Notably, the Government adds that the reasons and justifications behind passing of such orders are never in the orders as recording such grounds in the order/s would defeat the very object of the order/s. The Government has asserted that its contents cannot be disclosed to the petitioners, although the same may be submitted to the Supreme Court alone for its perusal. All the same, the Government has asserted that the Court cannot sit in review over its validity.
Allegations that litigants cannot access High Court false
A reply has also been made in the petition filed by child rights activist Enakshi Ganguly against the alleged detention of children in the state. This reply registers objection to submissions made in Court that litigants were finding it difficult to access the Jammu and Kashmir High Court. In this regard, the reply cites a report issued by the Chief Justice of the Jammu and Kashmir High Court, which stated that the High Court had been functioning regularly. In view of the same, the Government has argued that the petitioner’s assertion that litigants were finding it difficult to access the High Court is false.
Further, the Government has also objected to the petitioner “sitting in appeal” over the report prepared by the Juvenile Justice Committee of the High Court of Jammu & Kashmir on the Court’s orders.
Earlier this month, the Jammu and Kashmir Juvenile Justice Committee told the Supreme Court that as many as 144 minors have been detained by the authorities in the State of Jammu and Kashmir since August 5 this year. This list of 144 names also includes children as young as 9, 11, and 13 years of age.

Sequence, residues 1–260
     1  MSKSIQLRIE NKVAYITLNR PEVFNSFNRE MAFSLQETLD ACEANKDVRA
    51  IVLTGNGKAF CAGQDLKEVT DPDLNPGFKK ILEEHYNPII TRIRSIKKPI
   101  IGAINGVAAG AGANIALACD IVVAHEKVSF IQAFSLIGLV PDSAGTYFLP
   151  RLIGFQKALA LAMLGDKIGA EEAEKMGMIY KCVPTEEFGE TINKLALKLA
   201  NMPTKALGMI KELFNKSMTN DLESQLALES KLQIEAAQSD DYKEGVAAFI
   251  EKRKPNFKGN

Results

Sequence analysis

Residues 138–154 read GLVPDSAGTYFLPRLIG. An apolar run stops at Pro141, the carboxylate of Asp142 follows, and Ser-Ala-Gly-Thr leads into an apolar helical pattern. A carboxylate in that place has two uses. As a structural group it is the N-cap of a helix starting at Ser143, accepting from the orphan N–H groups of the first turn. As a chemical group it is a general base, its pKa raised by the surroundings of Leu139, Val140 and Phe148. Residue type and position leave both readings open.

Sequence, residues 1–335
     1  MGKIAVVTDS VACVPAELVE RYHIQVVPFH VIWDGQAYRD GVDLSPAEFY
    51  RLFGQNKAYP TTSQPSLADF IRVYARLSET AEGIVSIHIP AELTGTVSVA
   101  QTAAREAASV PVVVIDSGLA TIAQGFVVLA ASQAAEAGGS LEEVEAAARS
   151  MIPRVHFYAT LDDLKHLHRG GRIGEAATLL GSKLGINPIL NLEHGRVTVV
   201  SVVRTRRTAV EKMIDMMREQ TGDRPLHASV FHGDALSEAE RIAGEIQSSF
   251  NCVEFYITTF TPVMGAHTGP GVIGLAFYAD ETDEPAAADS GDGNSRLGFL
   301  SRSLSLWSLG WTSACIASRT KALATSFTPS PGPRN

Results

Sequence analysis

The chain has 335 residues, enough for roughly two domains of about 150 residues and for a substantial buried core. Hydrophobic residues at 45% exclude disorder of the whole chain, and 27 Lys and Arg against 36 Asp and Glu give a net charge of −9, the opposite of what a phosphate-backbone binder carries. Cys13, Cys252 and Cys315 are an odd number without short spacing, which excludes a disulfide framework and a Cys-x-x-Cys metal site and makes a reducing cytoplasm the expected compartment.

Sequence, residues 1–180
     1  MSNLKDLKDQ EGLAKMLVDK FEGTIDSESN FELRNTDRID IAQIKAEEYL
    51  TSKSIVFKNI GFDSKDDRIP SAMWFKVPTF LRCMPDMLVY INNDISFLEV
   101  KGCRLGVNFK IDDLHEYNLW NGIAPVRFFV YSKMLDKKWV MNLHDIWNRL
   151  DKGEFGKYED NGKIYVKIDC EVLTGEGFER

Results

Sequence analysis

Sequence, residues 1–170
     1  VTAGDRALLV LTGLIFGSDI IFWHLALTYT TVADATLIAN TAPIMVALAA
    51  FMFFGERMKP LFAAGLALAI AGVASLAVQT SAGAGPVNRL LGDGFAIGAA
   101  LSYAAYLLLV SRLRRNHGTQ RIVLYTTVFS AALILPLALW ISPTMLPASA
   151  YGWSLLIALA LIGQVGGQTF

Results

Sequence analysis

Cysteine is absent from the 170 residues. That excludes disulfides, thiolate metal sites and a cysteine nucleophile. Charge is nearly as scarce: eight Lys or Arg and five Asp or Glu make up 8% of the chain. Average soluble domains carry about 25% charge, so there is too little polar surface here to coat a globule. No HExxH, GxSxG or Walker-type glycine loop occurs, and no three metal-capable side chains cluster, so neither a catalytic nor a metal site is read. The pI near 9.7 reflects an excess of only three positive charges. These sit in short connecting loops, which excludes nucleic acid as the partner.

Motives of the petitioners questionable
Both affidavits have been filed by Yasha Mudgal, Resident Commissioner of the Government of Jammu and Kashmir through advocate Shashi Juneja. In both affidavits, the Government has questioned the motives of the petitioners in approaching the Court with their respective contentions. In this regard, the affidavit filed in response to Bhasin’s plea states that the petitioner, for undisclosed reasons, has presented a grim picture of the situation which is not even near to the truth.
The Government goes on to contend that the petitioners cannot be allowed to undertake such a roving and fishing enquiry by calling for the Government’s orders under which steps were taken in Jammu and Kashmir in good faith and keeping public safety and security in mind.
Similar objection has also been made in the reply filed to Ganguly’s petition, stating that the false assertions therein has serious potential to create a serious prejudice against the judicial system in the State within and outside the country. The reply further calls on the Court to issue directions so that,
This affidavit also adds that the Government has only made a limited reply to the assertions made concerning litigant access to the Jammu and Kashmir High Court, rather than a para wise objections to the averments made by the petitioner.
The hearing in the petitions will continue on November 5, after the Court reconvenes following the Diwali vacation.